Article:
Ask LH: What's The Best Way To Save All The Useful Articles I Come Across?

Dear Lifehacker, I love finding different tips and tricks online, but I often find that many of them are most useful days, months, even years down the line. What's the best way to save and organise all this cool stuff so I can actually find it when I need it?

Sincerely,

Lost in the Web

Dear LW,

You have a lot of options to choose from, and it really depends on how you want to organise everything. Some methods are also better if you want offline access — say, for a collection of camping recipes — while other work great if you don't mind just saving the links. Either way, the real trick is organisation so you don't have to sift through everything you've ever read. Here are a few different ways you can save all that stuff.

Use A Read It Later Service With Tagging

If the type of content you want to save is mostly reading material, then your best bet is to use one of the read it later services services like Readability or Pocket that support tagging. Both services have browser extensions (Readability, Pocket) that allow you to quickly save links, and the next step is organisation.

Create a tagging system you'll actually use. In Readability, simply click the "Add Tags" link, and in Pocket, click the pencil icon. For example, if you're collecting a bunch of camping-related links, create a camping tag, then maybe separate those even further with tags like "gear" or "recipes" so you can instantly find what you're looking for.

The benefit of this system is two-fold. First off, Readability and Pocket both work in every operating system, and on pretty much every mobile device so you can save web pages from anywhere. Second, they both offer offline access, so if, for example, you're going camping, you don't have to worry about finding an internet connection so you can read the links you save.

Use A Notebook System Like Evernote Or Springpad

If tagging everything in a read it later service isn't doing the trick for you, a notebook app like Evernote or Springpad might do the trick. These services allow you to create personal notebooks to store links, ideas, and any other reminders you might need.

To use this effectively, you'll want to do two things: create a notebook for each type of link you want to save (for example, a "Camping ideas" notebook), and then tag your links with relevant information as you add them in so you can cross reference if need be. We've walked your through getting the most out of Sprinpad before and the same basic tenets apply to Evernote as well.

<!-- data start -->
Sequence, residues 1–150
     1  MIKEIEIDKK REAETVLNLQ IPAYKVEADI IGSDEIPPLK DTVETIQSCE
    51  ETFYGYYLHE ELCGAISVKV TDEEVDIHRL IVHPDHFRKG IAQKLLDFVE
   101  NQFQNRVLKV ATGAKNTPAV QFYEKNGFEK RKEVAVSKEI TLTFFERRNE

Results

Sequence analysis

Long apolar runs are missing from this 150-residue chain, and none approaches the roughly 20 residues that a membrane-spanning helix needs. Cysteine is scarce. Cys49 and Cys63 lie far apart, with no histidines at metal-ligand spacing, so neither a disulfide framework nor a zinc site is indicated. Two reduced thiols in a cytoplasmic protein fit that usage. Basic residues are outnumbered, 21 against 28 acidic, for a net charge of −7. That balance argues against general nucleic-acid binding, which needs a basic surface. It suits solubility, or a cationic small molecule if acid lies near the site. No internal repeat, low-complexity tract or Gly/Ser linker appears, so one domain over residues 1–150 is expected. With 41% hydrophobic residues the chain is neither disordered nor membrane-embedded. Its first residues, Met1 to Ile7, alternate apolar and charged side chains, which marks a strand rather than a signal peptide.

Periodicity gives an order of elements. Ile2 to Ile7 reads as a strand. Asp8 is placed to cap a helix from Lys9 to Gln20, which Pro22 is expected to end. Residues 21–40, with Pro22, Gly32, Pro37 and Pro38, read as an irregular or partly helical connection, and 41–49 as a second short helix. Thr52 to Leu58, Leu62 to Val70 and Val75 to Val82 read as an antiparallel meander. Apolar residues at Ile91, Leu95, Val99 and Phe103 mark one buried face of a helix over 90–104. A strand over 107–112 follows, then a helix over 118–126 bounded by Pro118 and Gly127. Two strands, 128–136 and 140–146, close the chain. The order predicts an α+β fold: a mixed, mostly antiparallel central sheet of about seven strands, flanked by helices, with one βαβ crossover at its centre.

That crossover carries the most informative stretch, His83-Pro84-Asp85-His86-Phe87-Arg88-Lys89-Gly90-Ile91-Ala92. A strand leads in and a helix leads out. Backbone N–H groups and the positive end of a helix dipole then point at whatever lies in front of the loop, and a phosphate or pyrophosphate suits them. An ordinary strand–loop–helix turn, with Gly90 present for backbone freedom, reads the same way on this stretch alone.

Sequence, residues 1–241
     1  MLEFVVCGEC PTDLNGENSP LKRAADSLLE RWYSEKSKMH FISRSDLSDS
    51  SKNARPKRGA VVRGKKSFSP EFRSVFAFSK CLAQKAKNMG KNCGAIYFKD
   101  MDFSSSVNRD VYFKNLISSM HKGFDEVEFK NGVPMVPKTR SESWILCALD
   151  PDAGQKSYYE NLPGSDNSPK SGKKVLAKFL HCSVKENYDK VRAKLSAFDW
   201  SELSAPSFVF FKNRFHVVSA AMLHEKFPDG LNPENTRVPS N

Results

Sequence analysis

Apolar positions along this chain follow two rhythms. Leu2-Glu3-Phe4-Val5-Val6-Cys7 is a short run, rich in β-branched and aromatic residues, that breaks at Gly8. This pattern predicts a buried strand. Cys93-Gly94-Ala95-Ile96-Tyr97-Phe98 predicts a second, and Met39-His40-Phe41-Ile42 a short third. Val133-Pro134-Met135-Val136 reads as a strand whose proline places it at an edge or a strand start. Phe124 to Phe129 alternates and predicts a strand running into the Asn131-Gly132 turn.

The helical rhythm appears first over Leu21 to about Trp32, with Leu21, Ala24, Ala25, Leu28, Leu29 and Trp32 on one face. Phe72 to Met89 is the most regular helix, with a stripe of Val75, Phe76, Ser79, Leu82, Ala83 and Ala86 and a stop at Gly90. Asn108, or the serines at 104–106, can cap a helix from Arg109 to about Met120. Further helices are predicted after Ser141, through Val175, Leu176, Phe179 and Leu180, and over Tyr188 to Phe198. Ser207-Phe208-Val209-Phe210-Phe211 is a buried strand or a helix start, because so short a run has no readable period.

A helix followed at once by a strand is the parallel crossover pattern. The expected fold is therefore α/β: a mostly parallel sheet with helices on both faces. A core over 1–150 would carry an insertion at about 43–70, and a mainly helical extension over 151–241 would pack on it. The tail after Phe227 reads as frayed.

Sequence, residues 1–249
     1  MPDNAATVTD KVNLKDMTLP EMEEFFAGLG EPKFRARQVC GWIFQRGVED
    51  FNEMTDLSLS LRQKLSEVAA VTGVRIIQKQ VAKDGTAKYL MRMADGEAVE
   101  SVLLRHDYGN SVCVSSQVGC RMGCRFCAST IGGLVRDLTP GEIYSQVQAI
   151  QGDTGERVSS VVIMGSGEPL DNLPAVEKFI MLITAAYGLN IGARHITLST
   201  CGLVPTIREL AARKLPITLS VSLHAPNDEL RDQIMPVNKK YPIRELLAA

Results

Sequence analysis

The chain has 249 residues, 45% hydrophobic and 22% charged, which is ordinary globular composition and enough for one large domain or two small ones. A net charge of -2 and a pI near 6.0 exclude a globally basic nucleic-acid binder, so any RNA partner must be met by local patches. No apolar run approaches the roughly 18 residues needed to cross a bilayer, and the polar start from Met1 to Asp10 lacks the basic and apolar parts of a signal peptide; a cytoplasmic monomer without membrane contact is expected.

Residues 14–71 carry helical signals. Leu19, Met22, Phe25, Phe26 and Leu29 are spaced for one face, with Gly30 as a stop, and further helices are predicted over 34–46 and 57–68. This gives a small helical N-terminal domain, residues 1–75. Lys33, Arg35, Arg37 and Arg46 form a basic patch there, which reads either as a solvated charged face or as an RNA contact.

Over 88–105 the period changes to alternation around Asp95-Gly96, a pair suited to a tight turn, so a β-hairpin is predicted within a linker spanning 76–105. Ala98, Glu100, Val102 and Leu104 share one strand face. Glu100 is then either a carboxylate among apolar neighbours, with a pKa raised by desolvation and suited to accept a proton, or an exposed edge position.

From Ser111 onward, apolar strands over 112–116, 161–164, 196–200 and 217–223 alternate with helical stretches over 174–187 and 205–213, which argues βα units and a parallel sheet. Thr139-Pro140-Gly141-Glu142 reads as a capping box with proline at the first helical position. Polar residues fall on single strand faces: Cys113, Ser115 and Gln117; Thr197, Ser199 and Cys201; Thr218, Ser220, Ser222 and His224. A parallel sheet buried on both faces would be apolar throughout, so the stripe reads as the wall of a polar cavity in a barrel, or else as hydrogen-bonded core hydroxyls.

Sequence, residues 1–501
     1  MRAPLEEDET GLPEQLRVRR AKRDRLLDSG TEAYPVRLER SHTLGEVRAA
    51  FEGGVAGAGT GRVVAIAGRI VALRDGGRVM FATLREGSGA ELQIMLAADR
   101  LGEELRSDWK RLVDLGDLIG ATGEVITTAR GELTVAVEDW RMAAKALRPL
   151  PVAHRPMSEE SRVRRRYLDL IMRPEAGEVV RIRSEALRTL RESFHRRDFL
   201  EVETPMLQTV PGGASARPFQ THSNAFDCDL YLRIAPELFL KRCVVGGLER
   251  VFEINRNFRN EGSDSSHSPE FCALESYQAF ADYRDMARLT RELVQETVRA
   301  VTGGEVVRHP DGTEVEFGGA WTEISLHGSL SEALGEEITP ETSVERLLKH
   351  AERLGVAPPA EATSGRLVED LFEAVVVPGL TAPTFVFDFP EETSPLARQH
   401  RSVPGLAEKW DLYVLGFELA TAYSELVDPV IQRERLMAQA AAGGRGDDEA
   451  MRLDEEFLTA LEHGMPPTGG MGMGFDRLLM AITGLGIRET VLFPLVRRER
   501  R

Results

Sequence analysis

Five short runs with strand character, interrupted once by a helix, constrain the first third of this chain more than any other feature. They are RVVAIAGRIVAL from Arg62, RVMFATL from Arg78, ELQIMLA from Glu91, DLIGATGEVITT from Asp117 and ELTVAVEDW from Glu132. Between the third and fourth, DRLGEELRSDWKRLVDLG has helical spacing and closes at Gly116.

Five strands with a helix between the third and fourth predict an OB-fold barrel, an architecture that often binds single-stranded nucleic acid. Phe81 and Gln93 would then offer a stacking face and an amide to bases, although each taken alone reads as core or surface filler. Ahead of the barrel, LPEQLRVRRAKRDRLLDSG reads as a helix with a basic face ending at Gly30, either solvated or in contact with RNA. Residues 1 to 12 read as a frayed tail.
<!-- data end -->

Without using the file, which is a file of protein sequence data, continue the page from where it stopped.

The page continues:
However, if you want to use either of these services when you don't have an internet connection, you'll need to take the additional step of copying the relevant information into a note before you go offline. Neither service saves links for offline reading the same way the read it later services do, so you need to actually copy the text you need.

Organise Your Bookmarks So They Actually Make Sense

If webapps and organizational systems are more than you really need, your browsers handy bookmarks feature is still a useful tool to save relevant links as long as you organise them as you go along.

In Firefox, you can do this by tagging your bookmarks, which is built into Firefox itself. When you drop in a new bookmark, add a relevant tag, and it'll organise everything automatically. On Chrome, you can use an extension like Bookmarks Tagger, SuperSorter, or Stashmarks to do the exact same thing. Of course, you can also just make new folders for each type of link you're saving as well.

When all is said and done, it's about picking a system that you'll actually use. The key is that you organise as you save all your links so you're not stuck digging through thousands of animated GIFs when you're looking for that PC build tutorial you saved a year ago.

Cheers,

Lifehacker

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Comments

    I generally just print my articles to pdf and then file them locally. That way you're saved in case the site goes down.

    If you want it to be accessible years later, you should definitely do one of the options that saves your own copy - not just a link - since websites can and do change url structures or disappear all the time.

    I personally use the evernote clipper for chrome. Very useful to have all of the articles, as they appear, saved into evernote. Very easy to then export those notebooks and share.

    Dude, seriously... what about instapaper? Seriously!

      Instapaper is designed to store links you’d like to read once and then discard.

      There’s no limit to how many articles you can store, and your archive of read items is kept indefinitely (unless you delete from it).

      But Instapaper isn’t optimized for keeping track of thousands of pages. This isn’t the right tool to collect, categorize, tag, filter, and search the contents of every web page you’ve ever found — for that sort of use, try Pinboard or Evernote.

    I use Reeder for iPhone to browse my rss feeds, then use a combo of pocket and springpad. I don't really have an offline strategy though.

    I think pocket doesn't archive a copy of the page, only the best view and the link. It also syncs the best view to your mobile device. But if the original page went missing, you won't find it when you need. At this point, Diigo does provide a function to archive a complete web page onto their server which is very nice, though the free account is very limited on this, need a paid account

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